|US4425268 *||Feb 2, 1980||Jan 10, 1984||Bemis Company, Inc.||Polymer blend composition for stretch wrap film|
|US4454272 *||May 16, 1983||Jun 12, 1984||The Dow Chemical Company||Slip and block additives for olefin polymers|
|US4467061 *||Dec 27, 1982||Aug 21, 1984||Tonen Sekiyu Kagaku Kabushiki Kaisha||Weather resistant polyolefin composition|
|US4574949 *||Jul 6, 1984||Mar 11, 1986||Owens-Illinois, Inc.||Polymer composition and articles prepared from same|
|US4587303 *||Apr 21, 1983||May 6, 1986||Bp Chemicals Limited||Polyethylene blend and film|
|US4661537 *||Jul 11, 1985||Apr 28, 1987||Union Carbide Corporation||Impact promoters for mineral-filled thermoplastics|
|USRE29873||Apr 25, 1977||Jan 2, 1979||Grip-Pak Systems, Inc.||Scrapless plastic sheet multi-packaging device|
|CA1175974A *||May 10, 1982||Oct 9, 1984||William J. Michie, Jr.||Extruded gloss improvement in pipe blends with low pressure low density polyethylene|
|Citing Patent||Filing date||Publication date||Applicant||Title|
|US5350807 *||Jun 25, 1993||Sep 27, 1994||Phillips Petroleum Company||Ethylene polymers|
|US5728754 *||Jul 2, 1996||Mar 17, 1998||The International Group, Inc.||Cable filling and flooding compounds|
|US7195809||Jan 21, 2004||Mar 27, 2007||Illinois Tool Works Inc.||Flexible carrier|
|US7510074||Dec 8, 2004||Mar 31, 2009||Illinois Tool Works Inc.||Flexible carrier|
|US20040147679 *||Nov 10, 2003||Jul 29, 2004||Weaver William N.||Flexible carrier|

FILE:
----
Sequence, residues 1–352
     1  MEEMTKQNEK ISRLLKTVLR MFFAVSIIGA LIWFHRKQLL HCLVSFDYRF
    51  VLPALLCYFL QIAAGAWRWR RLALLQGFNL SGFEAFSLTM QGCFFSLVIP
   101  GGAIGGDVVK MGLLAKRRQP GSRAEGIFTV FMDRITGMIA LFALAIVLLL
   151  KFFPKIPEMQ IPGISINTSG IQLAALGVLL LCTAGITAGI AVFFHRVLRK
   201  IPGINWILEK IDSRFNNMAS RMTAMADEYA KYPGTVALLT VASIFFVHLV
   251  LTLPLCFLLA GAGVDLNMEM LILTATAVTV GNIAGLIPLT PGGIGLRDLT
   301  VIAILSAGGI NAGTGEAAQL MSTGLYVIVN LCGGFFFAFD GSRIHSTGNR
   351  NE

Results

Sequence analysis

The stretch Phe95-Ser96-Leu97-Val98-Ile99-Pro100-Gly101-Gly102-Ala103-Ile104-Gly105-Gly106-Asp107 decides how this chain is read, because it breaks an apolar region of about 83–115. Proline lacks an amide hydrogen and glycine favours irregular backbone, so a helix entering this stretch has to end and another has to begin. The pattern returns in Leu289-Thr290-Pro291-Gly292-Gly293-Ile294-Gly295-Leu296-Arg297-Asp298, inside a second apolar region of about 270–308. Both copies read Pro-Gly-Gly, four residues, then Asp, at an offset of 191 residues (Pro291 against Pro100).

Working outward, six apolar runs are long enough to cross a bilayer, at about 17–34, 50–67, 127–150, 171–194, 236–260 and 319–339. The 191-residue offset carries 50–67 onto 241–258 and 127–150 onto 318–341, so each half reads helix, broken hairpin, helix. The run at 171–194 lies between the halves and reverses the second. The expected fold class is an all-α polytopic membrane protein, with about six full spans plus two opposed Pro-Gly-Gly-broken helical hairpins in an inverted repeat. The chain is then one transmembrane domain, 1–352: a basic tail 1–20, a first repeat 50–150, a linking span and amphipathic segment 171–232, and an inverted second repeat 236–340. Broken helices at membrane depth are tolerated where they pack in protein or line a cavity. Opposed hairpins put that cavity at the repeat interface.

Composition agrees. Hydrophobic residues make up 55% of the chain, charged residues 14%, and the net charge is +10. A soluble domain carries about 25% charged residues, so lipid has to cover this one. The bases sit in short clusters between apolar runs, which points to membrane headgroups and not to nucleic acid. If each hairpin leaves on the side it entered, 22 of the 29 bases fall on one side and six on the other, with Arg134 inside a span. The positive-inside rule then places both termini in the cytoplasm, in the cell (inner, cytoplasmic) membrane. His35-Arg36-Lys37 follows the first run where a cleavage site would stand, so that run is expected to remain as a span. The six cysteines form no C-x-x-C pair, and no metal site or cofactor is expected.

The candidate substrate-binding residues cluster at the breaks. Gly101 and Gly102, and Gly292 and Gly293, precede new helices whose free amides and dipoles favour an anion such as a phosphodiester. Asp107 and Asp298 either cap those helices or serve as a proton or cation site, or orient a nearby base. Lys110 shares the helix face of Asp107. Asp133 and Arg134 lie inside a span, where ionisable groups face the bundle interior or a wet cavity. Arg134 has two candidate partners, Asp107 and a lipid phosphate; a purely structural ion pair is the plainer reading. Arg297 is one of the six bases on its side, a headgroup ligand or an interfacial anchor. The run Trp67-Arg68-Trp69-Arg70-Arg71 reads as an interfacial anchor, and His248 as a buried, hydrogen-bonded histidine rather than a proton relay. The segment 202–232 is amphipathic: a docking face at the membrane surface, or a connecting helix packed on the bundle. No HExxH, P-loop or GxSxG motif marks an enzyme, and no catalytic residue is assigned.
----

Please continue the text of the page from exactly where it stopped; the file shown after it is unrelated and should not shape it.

|US20040192850 *||Jan 21, 2004||Sep 30, 2004||Weaver William N.||Flexible carrier|
|US20060118432 *||Dec 8, 2004||Jun 8, 2006||Weaver William N||Flexible carrier|
|WO1999052972A1 *||Apr 15, 1999||Oct 21, 1999||The Dow Chemical Company||Peelable-seal polyolefin composition and sealant layer|
|U.S. Classification||523/200, 524/487, 524/528, 206/427, 206/145, 524/120, 524/100, 206/150, 523/215, 524/147|
|Cooperative Classification||C08L91/06, C08L2205/02, C08L2310/00, C08L2205/03, C08L23/06, C08L23/0815|
|Mar 8, 1988||AS||Assignment|
Owner name: UNION CARBIDE CORPORATION, OLD RIDGEBURY ROAD, DAN
Free format text: ASSIGNMENT OF ASSIGNORS INTEREST.;ASSIGNORS:TURCZYK, MICHAEL J.;HARLAN, GEORGE M.;REEL/FRAME:004837/0120;SIGNING DATES FROM 19871031 TO 19871119
Owner name: UNION CARBIDE CORPORATION, A CORP. OF NY,CONNECTIC
Free format text: ASSIGNMENT OF ASSIGNORS INTEREST;ASSIGNORS:TURCZYK, MICHAEL J.;HARLAN, GEORGE M.;SIGNING DATES FROM19871031 TO 19871119;REEL/FRAME:004837/0120
|Jun 9, 1992||FPAY||Fee payment|
Year of fee payment: 4
|Jun 24, 1996||FPAY||Fee payment|
Year of fee payment: 8
|Jul 25, 2000||REMI||Maintenance fee reminder mailed|
|Dec 31, 2000||LAPS||Lapse for failure to pay maintenance fees|
|Mar 6, 2001||FP||Expired due to failure to pay maintenance fee|
Effective date: 20010103